Possible scenarios for Colombo

So what are the options and possible scenarios for Sri Lanka? The highest probability in the short term is that Prime Minister Ranil Wickremesinghe will continue in his preferred role of “acting president”, with the consequence that the best country will not be able to implement the reforms needed for change. economy, and at worst leads to anarchy when a government deemed completely illegitimate seeks to make people miserable through an iron fist.

The alternative is for the brutal and divisive Opposition to start banding together at least for the limited purpose of overthrowing the Rajapaksa regime, but the obstacle to the same is the stronger parties in the country. Parliament is less common on the streets and people on the streets are not really present or significant in Parliament. As a result, the street protesters claimed to prefer non-constitutional regime change and became more attractive when constitutional regime change was not made possible by the inconsistency of Rajapaksa and Wickremesinghe.

ALSO READ | Invited to lead the next Sri Lanka, Sajith Premadasa thanks Prime Minister Modi for financial support amid crisis

A third option that cannot be ignored is a military-backed regime, a type of mixed government where the civilian facade of political personalities constitutes a government largely illegitimate. , and where military strength and muscle are needed to manage naked.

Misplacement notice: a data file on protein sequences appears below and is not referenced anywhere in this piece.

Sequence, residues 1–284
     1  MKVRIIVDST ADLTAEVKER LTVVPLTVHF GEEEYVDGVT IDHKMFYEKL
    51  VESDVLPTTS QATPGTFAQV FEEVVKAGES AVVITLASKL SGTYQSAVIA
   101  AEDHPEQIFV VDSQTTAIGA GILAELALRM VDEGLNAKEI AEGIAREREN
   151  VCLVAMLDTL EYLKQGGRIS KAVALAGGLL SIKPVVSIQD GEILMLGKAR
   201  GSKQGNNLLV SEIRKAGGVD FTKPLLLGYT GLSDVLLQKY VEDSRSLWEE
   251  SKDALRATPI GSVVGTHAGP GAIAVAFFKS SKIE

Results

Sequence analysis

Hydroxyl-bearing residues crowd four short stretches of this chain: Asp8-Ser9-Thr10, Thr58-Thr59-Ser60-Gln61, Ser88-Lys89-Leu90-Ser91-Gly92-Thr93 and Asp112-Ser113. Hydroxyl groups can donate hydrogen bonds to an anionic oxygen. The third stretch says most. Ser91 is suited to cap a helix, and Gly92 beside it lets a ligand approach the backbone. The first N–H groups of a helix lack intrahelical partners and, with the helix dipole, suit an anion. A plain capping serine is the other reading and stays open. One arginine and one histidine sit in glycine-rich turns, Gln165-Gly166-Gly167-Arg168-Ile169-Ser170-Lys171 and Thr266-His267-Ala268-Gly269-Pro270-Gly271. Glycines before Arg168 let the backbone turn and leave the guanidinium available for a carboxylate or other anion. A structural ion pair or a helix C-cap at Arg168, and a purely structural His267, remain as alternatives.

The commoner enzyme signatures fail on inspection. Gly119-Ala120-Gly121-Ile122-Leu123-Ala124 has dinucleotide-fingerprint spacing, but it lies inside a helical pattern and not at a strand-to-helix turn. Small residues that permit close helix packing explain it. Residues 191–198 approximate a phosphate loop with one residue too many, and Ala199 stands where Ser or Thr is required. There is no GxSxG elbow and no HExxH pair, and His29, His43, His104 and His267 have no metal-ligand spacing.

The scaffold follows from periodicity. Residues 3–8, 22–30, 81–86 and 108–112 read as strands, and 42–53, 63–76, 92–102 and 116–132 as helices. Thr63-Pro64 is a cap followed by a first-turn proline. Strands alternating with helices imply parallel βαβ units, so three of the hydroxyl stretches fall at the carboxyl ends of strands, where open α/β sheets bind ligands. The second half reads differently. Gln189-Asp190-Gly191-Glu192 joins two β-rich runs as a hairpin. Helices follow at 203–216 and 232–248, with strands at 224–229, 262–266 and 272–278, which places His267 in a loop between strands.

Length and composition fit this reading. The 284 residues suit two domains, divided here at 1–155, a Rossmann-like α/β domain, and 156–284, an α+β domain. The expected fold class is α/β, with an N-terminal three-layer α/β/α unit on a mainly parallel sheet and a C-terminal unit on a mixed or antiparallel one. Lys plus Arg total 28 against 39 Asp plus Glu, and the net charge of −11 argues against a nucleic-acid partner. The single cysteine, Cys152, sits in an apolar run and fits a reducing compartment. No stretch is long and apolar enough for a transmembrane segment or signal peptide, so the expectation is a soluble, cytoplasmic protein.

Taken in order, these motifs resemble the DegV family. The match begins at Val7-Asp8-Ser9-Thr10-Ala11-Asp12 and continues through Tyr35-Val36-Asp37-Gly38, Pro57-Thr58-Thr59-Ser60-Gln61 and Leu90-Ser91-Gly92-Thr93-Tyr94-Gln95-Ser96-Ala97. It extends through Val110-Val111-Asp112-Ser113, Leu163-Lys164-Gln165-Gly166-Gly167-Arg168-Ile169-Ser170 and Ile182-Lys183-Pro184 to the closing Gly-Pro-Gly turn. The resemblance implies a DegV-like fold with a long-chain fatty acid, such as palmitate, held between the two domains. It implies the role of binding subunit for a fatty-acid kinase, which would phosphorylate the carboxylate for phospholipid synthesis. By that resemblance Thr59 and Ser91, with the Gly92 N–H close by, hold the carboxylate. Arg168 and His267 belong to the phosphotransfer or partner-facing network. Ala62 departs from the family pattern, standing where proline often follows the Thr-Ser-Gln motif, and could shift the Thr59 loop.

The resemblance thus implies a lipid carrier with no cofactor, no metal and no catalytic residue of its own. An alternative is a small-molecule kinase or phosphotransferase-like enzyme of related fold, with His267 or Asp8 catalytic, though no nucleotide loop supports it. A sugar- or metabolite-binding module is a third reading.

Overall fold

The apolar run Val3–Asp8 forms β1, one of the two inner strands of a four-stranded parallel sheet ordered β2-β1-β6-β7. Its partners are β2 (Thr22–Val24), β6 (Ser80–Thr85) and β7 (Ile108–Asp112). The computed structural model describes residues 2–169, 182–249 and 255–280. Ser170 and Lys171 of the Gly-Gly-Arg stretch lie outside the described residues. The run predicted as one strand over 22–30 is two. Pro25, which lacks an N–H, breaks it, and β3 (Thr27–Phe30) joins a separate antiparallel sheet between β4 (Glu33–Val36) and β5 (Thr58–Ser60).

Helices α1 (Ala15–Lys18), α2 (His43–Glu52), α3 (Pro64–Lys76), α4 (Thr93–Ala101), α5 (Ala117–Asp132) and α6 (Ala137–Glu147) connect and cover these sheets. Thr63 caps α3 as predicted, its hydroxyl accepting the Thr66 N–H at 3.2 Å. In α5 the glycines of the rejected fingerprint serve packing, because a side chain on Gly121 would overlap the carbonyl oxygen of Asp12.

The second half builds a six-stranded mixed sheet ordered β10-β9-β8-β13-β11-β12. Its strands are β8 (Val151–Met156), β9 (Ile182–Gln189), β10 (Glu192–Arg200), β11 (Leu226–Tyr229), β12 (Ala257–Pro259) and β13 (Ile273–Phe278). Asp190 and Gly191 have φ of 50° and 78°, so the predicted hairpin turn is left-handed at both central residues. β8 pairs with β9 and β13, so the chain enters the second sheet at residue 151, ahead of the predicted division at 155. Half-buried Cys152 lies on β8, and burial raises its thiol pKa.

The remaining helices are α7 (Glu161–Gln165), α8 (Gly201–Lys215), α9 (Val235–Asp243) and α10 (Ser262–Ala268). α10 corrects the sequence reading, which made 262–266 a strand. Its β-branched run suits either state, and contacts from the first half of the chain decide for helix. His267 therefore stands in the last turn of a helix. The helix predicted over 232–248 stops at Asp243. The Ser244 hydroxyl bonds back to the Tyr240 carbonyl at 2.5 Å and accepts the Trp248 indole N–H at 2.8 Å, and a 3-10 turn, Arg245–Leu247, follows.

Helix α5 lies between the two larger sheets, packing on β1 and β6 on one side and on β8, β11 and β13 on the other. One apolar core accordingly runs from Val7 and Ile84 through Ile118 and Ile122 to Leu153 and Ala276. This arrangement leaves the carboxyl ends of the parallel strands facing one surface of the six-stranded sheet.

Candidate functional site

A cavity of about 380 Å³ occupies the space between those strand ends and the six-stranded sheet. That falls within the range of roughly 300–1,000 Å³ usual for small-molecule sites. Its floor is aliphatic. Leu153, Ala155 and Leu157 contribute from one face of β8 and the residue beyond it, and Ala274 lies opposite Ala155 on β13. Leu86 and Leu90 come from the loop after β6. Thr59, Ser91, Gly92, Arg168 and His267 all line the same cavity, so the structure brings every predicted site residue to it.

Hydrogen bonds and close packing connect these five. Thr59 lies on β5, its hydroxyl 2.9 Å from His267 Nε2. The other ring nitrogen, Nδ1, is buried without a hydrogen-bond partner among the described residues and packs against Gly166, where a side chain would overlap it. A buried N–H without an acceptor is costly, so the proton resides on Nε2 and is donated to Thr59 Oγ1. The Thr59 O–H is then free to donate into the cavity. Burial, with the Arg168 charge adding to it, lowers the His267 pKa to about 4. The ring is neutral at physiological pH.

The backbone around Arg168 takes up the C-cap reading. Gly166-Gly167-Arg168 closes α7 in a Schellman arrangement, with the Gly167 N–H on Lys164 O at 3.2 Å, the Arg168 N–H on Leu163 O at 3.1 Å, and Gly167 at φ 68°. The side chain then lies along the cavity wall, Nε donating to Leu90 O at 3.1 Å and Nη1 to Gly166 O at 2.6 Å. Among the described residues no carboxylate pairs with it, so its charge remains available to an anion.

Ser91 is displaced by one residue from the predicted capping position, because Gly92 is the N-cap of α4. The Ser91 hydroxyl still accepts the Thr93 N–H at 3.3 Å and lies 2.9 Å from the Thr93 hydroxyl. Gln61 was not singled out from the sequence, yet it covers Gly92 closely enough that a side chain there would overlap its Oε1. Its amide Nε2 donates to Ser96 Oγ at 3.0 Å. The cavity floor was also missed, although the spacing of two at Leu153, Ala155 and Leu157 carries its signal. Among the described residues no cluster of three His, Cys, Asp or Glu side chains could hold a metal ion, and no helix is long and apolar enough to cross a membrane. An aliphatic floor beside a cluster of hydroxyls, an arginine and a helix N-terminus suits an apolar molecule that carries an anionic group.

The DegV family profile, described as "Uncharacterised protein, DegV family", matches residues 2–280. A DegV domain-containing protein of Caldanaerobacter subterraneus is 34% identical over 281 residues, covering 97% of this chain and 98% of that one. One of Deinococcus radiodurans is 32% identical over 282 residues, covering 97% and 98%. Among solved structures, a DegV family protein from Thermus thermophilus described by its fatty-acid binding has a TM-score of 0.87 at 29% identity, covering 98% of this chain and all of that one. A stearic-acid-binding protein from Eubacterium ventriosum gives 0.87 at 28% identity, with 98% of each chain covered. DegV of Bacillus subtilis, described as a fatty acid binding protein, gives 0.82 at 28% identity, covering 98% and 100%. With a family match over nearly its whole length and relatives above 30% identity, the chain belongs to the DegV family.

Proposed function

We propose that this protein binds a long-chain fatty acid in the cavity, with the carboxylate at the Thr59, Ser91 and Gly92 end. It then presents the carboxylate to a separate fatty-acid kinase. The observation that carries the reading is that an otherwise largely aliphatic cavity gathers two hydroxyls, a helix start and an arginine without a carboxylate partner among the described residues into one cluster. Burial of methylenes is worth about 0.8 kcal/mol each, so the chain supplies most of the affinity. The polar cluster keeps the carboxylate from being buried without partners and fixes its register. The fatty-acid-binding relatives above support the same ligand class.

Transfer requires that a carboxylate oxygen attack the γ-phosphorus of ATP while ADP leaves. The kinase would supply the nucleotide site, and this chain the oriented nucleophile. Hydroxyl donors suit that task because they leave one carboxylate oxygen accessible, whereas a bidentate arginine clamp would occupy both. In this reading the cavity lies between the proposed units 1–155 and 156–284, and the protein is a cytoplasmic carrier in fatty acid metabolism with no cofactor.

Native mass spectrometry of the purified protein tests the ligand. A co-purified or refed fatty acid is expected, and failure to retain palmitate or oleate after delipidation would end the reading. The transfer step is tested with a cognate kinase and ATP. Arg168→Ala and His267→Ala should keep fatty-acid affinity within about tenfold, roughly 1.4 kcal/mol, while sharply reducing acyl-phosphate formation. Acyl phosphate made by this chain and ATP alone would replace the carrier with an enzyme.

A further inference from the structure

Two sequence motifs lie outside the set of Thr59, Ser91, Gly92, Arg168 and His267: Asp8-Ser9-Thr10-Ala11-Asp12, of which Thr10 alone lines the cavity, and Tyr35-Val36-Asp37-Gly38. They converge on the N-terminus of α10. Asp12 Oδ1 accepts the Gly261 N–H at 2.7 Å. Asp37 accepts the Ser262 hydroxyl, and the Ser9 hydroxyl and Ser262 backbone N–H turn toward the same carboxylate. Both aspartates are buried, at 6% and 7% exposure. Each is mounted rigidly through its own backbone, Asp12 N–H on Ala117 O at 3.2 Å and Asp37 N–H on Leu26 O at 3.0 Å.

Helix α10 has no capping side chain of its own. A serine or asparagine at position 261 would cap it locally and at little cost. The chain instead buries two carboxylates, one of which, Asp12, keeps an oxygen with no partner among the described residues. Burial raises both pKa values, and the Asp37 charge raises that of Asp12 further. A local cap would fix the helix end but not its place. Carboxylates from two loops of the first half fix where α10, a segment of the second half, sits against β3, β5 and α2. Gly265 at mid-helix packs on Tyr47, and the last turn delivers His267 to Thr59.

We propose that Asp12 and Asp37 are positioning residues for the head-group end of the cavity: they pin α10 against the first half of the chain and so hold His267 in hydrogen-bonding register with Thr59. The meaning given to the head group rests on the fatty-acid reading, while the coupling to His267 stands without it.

Of the three scenarios above, the only attractive one is for the Opposition to align enough for an interim or transitional governing agreement, followed by elections within a well-defined short period of time. obviously, maybe three to six months. Even the Rajapaksas family, one who hopes that it is in their best interest to step aside and get out of the quagmire they have engulfed Sri Lanka and if they favor their own chance of a quick return, Let’s join the competition at the next election. This will be in the best interest of Sri Lanka.

Economic challenges and the role of India

Sri Lanka’s core challenges are economic. Political instability arises from the economic collapse caused by poor governance and bad policies. Accordingly, getting the Sri Lankan economy on track, especially making the national debt and especially external debt sustainable, all require reforms in fiscal and economic policies, which which only a stable government can do. India has done a lot of what she can and more than Sri Lanka expected.

Lending more than $2 billion to Sri Lanka in currency swaps and lines of credit, India stepped into the void created by other lenders, bilateral and multilateral, as debt repayments became increasingly difficult. suspect. But India must also ensure that economic reforms take place, especially so that the loans she extended to Sri Lanka are repaid in the long term and within the duration of the concessions that have been offered.

(The writer is former adviser to the foreign minister of Sri Lanka)

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Teja
Teja
I am passionate about journalism and using new technology to spread news. I am also interested in politics and economics, and I am always looking for ways to make a difference in the world. I am the CEO of Janaseva News, and I am 24 years old.